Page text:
• Data-Driven – transforming the business with trusted, real-time big data, analytics and artificial intelligence (AI)
  • Smart World – driving operational excellence and revenue via extended insights using technologies like the Internet of Things (IoT), 5G connectivity, and autonomous cars
  • On-Demand – reducing IT and operational technology costs, and increasing agility with multi-cloud environments
  • Trusted – reducing business risk, and protecting brand value with cyber security and privacy
  • Connected Experience – winning and retaining customers with stunning connected experiences through perceptual computing, the use of virtual, augmented and merged reality, or by applying cognitive systems
  • Innovative Workforce – igniting innovation and productivity through transformed workplaces. From connected meeting rooms to flexible office spaces that support solo, 1:1 and group working, smart workspaces can help boost productivity and employee satisfaction. On the factory floor, robotics can make workers more productive and safer by removing workload and providing additional support. At a management level, smart advisors can help employees make smarter decisions by providing decision support and proactively providing relevant insights from data.

When you combine two or more of these capabilities, the magic starts to happen. An example familiar to everyone is Amazon. If you’ve ever received a recommendation based on your last purchase or what similar customers have bought, then you’ve seen their data-driven business at work. The company also provides a strong connected experience, enabling customers to use any device, from PCs and tablets to newer classes of gadget like Dash buttons or Echo devices. The workforce is innovative too, with workers using robotic shelves that bring products to human packers to help speed the fulfillment process. Smart world technologies like delivery drones[4] are also now making an appearance.

The Virtuous Cycle of Growth

It’s likely you’re already considering some of the areas I’ve outlined here. We’re thinking about them a lot at Intel as well. As part of our response to the changing nature of our markets, we published a strategy and plan[5] that outlines our focus investment areas in something we call the Virtuous Cycle of Growth. This is based on the idea that in this smart, connected world, nothing happens in isolation. Everything from the app on your phone to the air conditioning unit in your office is connected to the cloud, which gathers data, interprets it and provides insights. Adding technologies like new memory (such as 3D XPoint™ technology or Intel® Rack Scale Design), software and security capabilities or field-programmable gate arrays (FPGAs) and silicon photonics to this constant data cycle helps increase its value significantly.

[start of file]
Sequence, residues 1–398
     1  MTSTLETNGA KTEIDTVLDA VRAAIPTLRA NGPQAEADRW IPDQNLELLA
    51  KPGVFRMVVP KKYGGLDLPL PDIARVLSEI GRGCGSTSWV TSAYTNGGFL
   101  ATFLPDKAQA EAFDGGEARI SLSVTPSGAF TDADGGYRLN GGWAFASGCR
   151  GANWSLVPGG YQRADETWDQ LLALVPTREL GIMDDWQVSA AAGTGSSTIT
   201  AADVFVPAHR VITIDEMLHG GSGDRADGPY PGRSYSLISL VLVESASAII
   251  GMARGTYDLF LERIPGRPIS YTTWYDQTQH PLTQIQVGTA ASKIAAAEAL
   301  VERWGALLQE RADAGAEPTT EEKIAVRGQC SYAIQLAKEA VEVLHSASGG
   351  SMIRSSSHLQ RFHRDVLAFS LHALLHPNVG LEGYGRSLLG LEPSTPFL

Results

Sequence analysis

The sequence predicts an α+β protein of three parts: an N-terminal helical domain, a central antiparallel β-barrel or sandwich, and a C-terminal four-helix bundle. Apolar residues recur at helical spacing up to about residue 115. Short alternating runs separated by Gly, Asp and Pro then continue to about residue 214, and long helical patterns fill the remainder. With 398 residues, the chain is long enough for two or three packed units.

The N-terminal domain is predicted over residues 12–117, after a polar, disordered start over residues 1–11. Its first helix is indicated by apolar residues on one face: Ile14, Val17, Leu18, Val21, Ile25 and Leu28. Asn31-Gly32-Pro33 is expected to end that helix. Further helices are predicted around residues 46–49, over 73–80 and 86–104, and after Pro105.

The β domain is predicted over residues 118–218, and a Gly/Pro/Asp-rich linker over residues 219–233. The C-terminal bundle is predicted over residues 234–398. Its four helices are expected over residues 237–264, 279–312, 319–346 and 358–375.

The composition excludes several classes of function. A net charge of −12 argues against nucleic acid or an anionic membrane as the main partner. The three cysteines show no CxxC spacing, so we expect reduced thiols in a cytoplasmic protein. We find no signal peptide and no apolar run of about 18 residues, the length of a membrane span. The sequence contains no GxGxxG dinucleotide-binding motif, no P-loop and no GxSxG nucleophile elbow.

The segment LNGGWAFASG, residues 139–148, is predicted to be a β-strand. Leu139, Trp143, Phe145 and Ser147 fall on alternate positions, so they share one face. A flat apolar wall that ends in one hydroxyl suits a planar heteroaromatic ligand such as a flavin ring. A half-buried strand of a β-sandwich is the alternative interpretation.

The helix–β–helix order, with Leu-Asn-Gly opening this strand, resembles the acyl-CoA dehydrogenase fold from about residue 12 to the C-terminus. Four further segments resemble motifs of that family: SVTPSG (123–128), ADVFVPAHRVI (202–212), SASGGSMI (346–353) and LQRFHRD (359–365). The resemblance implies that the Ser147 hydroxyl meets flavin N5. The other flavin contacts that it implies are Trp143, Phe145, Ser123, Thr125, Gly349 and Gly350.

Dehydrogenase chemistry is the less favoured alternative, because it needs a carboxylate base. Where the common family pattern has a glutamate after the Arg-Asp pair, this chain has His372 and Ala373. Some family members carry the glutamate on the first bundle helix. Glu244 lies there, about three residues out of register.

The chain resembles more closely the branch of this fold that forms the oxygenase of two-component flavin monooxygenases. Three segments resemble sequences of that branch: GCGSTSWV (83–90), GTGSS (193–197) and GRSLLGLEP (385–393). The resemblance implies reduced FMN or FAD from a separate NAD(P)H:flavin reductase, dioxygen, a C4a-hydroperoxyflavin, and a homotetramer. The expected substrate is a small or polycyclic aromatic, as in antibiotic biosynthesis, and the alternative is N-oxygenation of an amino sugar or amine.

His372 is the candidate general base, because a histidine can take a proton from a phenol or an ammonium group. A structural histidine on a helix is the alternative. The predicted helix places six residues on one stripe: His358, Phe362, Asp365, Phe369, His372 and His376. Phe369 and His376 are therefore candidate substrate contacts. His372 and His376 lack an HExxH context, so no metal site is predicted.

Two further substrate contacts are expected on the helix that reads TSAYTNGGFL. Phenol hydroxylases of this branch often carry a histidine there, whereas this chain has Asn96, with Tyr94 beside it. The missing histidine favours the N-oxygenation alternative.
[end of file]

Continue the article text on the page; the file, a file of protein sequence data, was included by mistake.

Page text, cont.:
At Intel we’re helping to create the best experiences by enabling an end-to-end open architecture with embedded security capabilities. We work with a broad ecosystem of software vendors to enable the elements of the virtuous cycle. This in turn can help you give your business the open, interoperable and capable technological fabric it needs to underpin its digital transformation.

As we close this blog series, I hope I’ve given you some food for thought on how your business can seize some of the opportunities presented by the fourth industrial revolution and digital fusion, and how you can use technology innovation to help strengthen your economic, social and environmental bottom lines. I’ll leave you with two questions: can you afford to ignore these opportunities? And, who is accountable for driving change in your organization. If it’s you, what’s your next move?

© Intel Corporation. Intel, the Intel logo and 3D XPoint are trademarks of Intel Corporation or its subsidiaries in the U.S. and/or other countries. *Other names and brands may be claimed as the property of others.
Published on Categories Digital TransformationTags
Andrew Moore

About Andrew Moore

Andrew is the General Manager of the Digital Transformation Office in Intel’s Industry Sales Group. The role involves developing a set of progressive but actionable approaches to helping key customers define and start executing meaningful transformation strategies. The goal in doing this is, ultimately, to forge strategic and symbiotic relationships with the some of the world's leading organizations and in doing so raising Intel's profile and role as a true thought leader in the world of digitization.